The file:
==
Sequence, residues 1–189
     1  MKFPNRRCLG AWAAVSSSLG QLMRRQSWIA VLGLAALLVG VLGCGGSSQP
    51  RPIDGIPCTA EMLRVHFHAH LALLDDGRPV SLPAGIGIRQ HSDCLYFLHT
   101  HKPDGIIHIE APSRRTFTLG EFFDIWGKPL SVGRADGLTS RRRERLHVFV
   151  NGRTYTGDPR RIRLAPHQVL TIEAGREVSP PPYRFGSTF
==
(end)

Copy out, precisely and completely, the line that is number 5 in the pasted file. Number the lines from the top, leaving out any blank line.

   151  NGRTYTGDPR RIRLAPHQVL TIEAGREVSP PPYRFGSTF